Trachoma

Trachoma is an ocular bacterial infection that results in inflammation of the conjunctiva, “active trachoma.” Repeated bouts of active trachoma can scar the inner eyelid, which often leads to trichiasis—an inward turning of 1 or more eyelashes, damaging the cornea [6]. This is an extremely painful condition that will lead to irreversible blindness if not surgically corrected in a timely manner. There are over 200 million people living in areas with a high risk of trachoma-related blindness [6]. The recommended procedure for trichiasis is known as bilamellar tarsal rotation (BLTR) surgery [6]. BLTR surgery carries a relatively small estimated cost of US$40 and remains a cost-effective intervention against vision loss [7].

Unlike with most other NTDs, surgical interventions in trachoma have been an integral part of the framework, supported by the World Health Organization (WHO) Alliance for Global Elimination of Blinding Trachoma by the year 2020 (GET 2020) [6]. They have been implemented globally as SAFE: surgery for trachomatous trichiasis (TT); antibiotic treatment to clear ocular infection; facial cleanliness to reduce the transmission of ocular Chlamydia trachomatis; and environmental improvement, particularly access to water and sanitation [6].

A recent achievement toward the goal of elimination was the Global Trachoma Mapping Project (GTMP), which has identified 100 million additional individuals living in areas previously known as “suspected endemic” that will require health interventions [5]. As shown by this project, the proper identification of areas that require intervention is a prerequisite for the achievement of the true elimination of any NTD [5]. In 2012, 169,121 people received trichiasis surgery, and in 2013, that number increased to 234,000 [6]. However, there is currently an estimated backlog of 5 million cases of trichiasis surgery [8]. Thus, the current level of productivity is not adequate to reach the GET 2020 targets, and there is a clear need to scale up trichiasis surgery services globally [9].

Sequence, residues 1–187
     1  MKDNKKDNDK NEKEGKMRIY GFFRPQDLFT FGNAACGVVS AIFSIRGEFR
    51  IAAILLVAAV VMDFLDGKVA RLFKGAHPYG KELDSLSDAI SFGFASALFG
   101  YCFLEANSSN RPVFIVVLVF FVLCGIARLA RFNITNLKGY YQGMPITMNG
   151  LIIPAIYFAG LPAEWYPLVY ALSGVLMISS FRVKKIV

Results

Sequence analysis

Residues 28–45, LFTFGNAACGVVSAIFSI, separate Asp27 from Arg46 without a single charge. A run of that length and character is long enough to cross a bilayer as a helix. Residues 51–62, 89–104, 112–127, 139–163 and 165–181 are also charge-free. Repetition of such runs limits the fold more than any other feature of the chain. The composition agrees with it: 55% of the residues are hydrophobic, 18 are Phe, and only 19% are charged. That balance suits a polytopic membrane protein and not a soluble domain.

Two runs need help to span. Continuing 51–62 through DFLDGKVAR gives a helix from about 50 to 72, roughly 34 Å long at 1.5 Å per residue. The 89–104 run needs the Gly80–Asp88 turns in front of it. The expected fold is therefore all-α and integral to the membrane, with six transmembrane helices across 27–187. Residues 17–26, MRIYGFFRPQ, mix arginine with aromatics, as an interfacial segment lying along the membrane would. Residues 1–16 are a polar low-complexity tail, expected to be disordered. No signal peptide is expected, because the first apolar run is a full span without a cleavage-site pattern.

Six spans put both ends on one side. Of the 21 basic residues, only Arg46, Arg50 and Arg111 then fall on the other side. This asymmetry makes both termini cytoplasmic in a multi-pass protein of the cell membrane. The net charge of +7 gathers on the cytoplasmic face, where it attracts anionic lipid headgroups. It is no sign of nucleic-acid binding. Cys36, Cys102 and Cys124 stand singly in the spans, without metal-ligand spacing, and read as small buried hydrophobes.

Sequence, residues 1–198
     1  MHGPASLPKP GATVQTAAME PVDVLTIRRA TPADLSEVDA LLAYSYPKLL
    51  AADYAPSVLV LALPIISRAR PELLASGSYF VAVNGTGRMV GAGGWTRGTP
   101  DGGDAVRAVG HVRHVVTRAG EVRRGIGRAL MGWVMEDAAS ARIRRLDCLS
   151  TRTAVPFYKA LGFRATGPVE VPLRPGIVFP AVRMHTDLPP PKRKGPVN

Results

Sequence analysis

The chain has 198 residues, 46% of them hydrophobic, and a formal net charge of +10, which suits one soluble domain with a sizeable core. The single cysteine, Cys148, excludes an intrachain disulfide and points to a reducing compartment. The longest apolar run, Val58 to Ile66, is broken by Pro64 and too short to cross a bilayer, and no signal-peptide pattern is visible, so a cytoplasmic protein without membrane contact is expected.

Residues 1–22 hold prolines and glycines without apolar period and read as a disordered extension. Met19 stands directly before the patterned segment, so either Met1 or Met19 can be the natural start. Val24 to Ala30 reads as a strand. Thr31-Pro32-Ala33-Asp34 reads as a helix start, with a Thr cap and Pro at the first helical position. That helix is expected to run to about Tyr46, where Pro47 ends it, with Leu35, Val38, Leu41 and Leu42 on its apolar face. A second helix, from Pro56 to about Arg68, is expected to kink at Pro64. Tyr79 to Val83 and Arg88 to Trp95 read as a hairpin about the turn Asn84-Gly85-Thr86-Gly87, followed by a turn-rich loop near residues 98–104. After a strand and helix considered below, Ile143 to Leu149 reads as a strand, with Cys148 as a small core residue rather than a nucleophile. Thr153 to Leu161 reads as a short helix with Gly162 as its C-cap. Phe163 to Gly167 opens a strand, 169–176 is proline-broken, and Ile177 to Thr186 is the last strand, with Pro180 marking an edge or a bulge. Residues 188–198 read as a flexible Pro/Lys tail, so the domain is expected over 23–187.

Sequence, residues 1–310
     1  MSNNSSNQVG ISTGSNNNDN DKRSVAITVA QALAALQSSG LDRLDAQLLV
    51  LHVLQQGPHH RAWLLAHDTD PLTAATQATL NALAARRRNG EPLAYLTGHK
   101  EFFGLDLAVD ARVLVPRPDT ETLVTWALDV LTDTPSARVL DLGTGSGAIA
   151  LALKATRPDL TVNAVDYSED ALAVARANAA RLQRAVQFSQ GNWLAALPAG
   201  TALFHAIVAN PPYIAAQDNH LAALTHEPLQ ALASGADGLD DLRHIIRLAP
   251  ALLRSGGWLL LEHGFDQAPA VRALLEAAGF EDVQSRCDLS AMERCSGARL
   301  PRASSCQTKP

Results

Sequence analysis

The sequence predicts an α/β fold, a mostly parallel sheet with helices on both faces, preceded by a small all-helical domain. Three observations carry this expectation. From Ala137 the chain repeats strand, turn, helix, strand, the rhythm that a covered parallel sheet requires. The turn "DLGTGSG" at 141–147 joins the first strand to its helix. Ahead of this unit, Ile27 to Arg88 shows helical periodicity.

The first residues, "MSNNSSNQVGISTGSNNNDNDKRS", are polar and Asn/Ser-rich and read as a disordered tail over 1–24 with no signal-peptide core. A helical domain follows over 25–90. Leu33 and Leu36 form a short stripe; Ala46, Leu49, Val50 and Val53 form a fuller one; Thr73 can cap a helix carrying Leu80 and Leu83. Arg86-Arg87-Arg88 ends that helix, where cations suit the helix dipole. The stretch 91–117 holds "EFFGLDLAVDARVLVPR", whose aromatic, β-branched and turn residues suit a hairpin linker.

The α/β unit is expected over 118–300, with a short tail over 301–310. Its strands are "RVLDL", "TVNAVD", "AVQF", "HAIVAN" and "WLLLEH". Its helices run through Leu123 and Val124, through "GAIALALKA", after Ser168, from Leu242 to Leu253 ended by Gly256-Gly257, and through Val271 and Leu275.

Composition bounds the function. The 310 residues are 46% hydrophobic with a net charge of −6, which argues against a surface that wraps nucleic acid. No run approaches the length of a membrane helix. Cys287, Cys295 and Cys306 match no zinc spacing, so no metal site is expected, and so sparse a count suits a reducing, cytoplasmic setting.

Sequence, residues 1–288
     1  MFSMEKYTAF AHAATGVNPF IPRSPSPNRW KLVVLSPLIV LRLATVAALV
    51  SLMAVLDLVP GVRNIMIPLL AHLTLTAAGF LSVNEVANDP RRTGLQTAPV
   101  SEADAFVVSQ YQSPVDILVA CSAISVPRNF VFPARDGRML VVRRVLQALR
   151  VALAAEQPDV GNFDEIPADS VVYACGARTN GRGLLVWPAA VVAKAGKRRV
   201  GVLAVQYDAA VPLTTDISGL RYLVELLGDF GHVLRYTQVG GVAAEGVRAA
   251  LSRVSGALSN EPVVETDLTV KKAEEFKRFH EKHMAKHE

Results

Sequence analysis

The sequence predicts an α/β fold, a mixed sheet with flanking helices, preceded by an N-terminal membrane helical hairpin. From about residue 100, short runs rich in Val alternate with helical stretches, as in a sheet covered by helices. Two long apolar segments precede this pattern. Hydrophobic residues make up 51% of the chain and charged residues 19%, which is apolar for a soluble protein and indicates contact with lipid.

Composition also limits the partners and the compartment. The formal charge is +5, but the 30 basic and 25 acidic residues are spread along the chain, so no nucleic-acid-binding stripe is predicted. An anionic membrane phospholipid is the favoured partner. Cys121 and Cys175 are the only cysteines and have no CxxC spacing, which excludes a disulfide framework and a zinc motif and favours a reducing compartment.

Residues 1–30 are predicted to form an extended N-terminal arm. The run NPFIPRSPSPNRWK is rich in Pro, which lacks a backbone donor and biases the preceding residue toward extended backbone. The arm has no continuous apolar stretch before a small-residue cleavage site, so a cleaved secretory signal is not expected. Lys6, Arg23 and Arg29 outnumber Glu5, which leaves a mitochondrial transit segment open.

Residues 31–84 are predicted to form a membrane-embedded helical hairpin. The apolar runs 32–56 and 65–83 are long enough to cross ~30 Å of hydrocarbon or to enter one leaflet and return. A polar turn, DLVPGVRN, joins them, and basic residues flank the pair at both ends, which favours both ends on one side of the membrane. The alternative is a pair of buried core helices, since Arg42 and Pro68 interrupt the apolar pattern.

LF

LF is a vector-borne parasitic disease that arises from the infection of lymphatic vessels with adult filarial worms, eventually leading to chronic disabling sequelae, including hydrocele, lymphedema, and elephantiasis [10]. Of these, hydrocele is curable through surgery (hydrocelectomy), while lymphedema and elephantiasis can be managed with nonsurgical techniques, such as improved hygiene and skin care [11]. MDA treatments function to decrease the prevalence of infection by lowering the concentration of microfilariae in the blood to a point at which transmission is no longer possible [10, 11]. Thus, MDA is a major tool in the global elimination of LF, but it does not significantly address hydroceles requiring surgical interventions or lymphedema and elephantiasis morbidities that would be addressed through improved hygiene, compression, and antibiotics.

Over the past 15 years (2000–2015), since the inception of the Global Programme to Eliminate Lymphatic Filariasis (GPELF), more than 97 million estimated cases of LF have been prevented or cured predominantly through MDA [10]. However, as many as 36 million hydrocele and lymphedema cases remain [10]. More recent Global Burden of Disease Study 2015 estimates show that, for the 38.46 million people living with LF, approximately 19.71 million show evidence of detectable microfilariae, while 18.76 million exhibit complications that could require surgical intervention (Table 1) [12].

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Table 1. Global morbidities due to LF and trachoma (from the GBD 2015 [12]).

https://doi.org/10.1371/journal.pntd.0005563.t001

For the GPELF to reach its goal, patient care—as achieved through the implementation of morbidity management and surgery—is needed in conjunction with MDA, given that there are a large number of people with existing severe disease for whom MDA would prove too late to be effective [8]. Preventing the further progression of disease in these patients requires morbidity management and disability prevention (MMDP) services. Surgery is an essential part of MMDP, as seen in the minimum package of recommended care suggested by WHO for the care of patients with LF-related chronic disease. The minimum package includes hydrocelectomy, treatment for adenolymphangitis (ADL), and lymphedema management in order to prevent ADL episodes and subsequent disease progression [10]. Hydrocele surgery is estimated at US$80–US$360, and the cost of procedures for lymphedema prevention and management is even smaller [7].